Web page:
Envision Lancaster County Leadership Awards Honors Area Standouts
Mar 30, 2015 11:03AM
● By Erica Shames
The Lancaster County Planning Commission held its Envision Lancaster County Leadership Awards Program on March 24 at the Manheim Township Public Library. The Envision Leadership Awards program recognizes the actions of municipalities, developers, consultants, and community groups that embrace smart growth concepts and highlights the advantages of good planning.
James Cowhey, LCPC Executive Director, announced the Envision Lancaster County Leadership Award winners, and Commissioners Dennis Stuckey and Scott Martin and LCPC Chairman Leo Lutz presented the awards.
There was one winner of the top award - Leadership Award - this year – LancasterHistory.org’s Lancaster Campus of History. The Campus of History has transformed Lancaster County’s Historical Society and Wheatland, a National Historic Landmark and the home of Pennsylvania’s only U.S. President, into a new national model for historical learning and public programming. LancasterHistory.org made a commitment to a sustainable building from the master-planning stage, which allowed all aspects of the design to be considered with sustainability in mind. The Campus of History is slated to receive LEED Silver-Level certification - the first in the non-profit sector in our community. Project partners included Benchmark Construction and Centerbrook Architects and Master Planners.
Two Achievement Awards were presented. The winners were Lancaster City Hall Expansion and Renovations, Lancaster City and Lighten Up Lancaster and Lancaster Civil Engineering’s Active Living Project.
The Lancaster City Hall project was designed by Cox Evans Architects with construction services by Caldwell, Heckles and Egan, Inc., C.S. Davidson, Inc., Moore Engineering Company, Integrity Mechanical, Inc., McCarty and Son, Inc., Vision Mechanical, Inc., and S. A. Comunale, Inc. The new building was designed to complement old City Hall.
Doors and windows, brick masonry and cast stone, as well as metal cornice material were complementary to and continued the theme of old City Hall into the Annex. Energy efficient mechanical upgrades, green building technology, and green infrastructure were incorporated into the design and construction of both the addition and the renovation. The City Hall renovation and expansion project is eligible for LEED Silver Certification.
Entries are evaluated for replicability, effectiveness, support for county and local plans, and community involvement and partnerships. Entries are judged in five categories: Heritage Resources, Sustainable Growth, Infrastructure, Community Capacity, and Community Design and Placemaking.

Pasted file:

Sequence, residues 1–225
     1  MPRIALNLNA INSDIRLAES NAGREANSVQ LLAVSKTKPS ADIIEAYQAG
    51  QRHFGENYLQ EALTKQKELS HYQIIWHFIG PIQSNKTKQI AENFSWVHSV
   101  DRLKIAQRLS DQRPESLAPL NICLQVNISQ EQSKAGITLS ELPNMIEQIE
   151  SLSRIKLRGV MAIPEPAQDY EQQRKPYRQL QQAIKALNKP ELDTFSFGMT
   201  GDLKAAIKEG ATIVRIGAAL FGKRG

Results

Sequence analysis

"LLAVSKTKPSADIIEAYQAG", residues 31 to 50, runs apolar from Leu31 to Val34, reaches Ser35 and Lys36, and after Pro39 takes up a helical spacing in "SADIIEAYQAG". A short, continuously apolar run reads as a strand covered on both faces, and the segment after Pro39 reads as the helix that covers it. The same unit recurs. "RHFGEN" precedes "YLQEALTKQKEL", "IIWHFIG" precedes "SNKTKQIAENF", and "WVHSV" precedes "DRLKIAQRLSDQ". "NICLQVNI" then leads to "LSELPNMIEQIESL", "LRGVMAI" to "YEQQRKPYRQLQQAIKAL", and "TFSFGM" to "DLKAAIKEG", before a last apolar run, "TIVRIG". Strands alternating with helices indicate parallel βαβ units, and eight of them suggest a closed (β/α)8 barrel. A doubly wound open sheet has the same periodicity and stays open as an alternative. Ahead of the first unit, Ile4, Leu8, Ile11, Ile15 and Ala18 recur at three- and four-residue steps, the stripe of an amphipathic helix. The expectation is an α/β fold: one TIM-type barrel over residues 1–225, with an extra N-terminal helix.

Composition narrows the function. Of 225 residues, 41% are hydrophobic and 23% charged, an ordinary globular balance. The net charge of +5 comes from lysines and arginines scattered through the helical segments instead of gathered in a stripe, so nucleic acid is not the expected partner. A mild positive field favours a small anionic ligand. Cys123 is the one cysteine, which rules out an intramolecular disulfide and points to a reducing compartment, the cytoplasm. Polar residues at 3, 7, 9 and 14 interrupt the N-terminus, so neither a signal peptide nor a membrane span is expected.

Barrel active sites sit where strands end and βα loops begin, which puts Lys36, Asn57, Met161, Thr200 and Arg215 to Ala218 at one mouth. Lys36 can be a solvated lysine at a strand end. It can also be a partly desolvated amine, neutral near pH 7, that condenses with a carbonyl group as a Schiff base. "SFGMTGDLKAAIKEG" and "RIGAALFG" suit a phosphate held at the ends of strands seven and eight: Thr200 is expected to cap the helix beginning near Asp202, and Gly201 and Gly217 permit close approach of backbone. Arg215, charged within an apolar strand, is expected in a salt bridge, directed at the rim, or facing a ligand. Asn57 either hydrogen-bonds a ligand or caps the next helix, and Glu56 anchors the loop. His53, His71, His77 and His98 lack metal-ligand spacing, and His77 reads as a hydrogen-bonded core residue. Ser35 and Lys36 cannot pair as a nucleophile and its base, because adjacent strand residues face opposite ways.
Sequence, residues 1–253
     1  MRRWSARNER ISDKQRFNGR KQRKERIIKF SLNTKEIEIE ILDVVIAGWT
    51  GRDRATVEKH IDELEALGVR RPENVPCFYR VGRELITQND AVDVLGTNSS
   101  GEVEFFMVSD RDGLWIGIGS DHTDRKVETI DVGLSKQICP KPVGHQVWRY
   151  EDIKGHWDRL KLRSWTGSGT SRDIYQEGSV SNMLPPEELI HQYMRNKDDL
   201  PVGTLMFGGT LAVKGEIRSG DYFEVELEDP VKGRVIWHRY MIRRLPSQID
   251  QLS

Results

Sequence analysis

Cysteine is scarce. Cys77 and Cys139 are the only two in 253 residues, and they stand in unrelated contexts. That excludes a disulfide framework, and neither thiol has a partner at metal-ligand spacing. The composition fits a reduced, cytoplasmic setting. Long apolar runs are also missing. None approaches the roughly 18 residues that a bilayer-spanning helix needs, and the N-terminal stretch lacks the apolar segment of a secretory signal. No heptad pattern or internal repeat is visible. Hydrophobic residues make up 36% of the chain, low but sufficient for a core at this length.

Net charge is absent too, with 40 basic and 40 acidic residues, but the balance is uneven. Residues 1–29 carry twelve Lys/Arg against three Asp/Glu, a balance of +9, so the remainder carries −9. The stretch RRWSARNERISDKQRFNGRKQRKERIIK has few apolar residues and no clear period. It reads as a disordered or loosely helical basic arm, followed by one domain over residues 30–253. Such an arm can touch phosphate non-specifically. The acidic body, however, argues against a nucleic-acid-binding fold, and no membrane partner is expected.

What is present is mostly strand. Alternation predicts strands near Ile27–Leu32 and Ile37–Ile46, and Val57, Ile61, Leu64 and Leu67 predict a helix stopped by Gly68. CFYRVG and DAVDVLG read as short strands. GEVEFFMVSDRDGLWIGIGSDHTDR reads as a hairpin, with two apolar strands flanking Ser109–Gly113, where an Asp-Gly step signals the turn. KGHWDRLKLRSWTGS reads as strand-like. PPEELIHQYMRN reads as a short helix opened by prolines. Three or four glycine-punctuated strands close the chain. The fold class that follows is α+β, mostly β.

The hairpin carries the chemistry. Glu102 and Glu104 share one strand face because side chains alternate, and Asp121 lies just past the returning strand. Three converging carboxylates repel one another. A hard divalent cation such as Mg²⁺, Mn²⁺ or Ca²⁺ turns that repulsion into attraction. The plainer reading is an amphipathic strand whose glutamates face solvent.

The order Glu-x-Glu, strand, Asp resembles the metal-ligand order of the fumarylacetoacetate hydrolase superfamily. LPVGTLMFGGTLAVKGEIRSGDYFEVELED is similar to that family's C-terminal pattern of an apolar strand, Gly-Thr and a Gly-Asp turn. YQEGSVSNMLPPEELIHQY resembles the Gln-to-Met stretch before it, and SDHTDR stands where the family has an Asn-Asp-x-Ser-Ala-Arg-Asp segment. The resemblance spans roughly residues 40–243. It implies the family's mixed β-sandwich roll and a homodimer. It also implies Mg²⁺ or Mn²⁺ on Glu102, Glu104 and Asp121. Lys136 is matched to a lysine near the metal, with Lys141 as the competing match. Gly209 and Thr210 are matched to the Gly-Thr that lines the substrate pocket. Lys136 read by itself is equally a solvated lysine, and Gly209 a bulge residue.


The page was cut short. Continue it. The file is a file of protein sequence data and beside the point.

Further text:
The Lighten Up Lancaster County Coalition, in partnership with Lancaster General Health and Lancaster Civil Engineering, is working to reduce obesity and advance health in the county through active living. The coalition is comprised of over 500 individuals and 75 organizations. In 2013 Lighten Up Lancaster joined forces with the Lancaster Civil Engineering Company to form a non-profit / private sector partnership. Through this partnership walkability audits have been conducted in 10 municipalities/school districts, 50 community leaders have attended Complete Streets training, and 3 municipalities have adopted resolutions promoting Complete Street designs. Complete Streets are those that provide for the needs of all potential users of the street – young and old, pedestrians and bikes, buses and cars, etc.
A Certificate of Merit was presented for Lancaster General Health’s Ann B. Barshinger Cancer Institute by Herbert, Rowland, and Grubic, Inc. Project partners included Ballinger Architects, Jonathon Alderson Landscape Architects, and Benchmark Construction. Although this project is one of a kind, the various green and sustainable components designed by Herbert, Rowland, and Grubic, Inc. can be replicated at a variety of scales in Lancaster County. These components include the curved glass building facade with a southern exposure that promotes passive heating and cooling and natural lighting; numerous trees which reduce the heat island effect; exterior lighting designed to eliminate off-site light pollution; and recycled site materials used as the stone base of the new paving. Sustainable water management facilities include eleven rain gardens and eleven bio-swales located in the parking areas; native landscape plantings; and a 10,000 gallon cistern.
This year’s event featured a keynote presentation by John Meeder, President of Meeder Development and Meedcor Realty Development. Mr. Meeder spoke on “Building for the Future on the Foundations of the Past.” Which is also what John sees as the Meeder company mission. Meeder talked about his development method which is founded on a singular purpose: envisioning great changes within the community and seeing them through to the long-term. Meeder Development Corporation’s projects have revitalized Lancaster’s urban buildings, and, in doing so, have revitalized Lancaster’s great community in many ways as well.
For more information, please contact James R. Cowhey, Executive Director, Lancaster County Planning Commission, 717-299-8333, or Cowhey@co.lancaster.pa.us.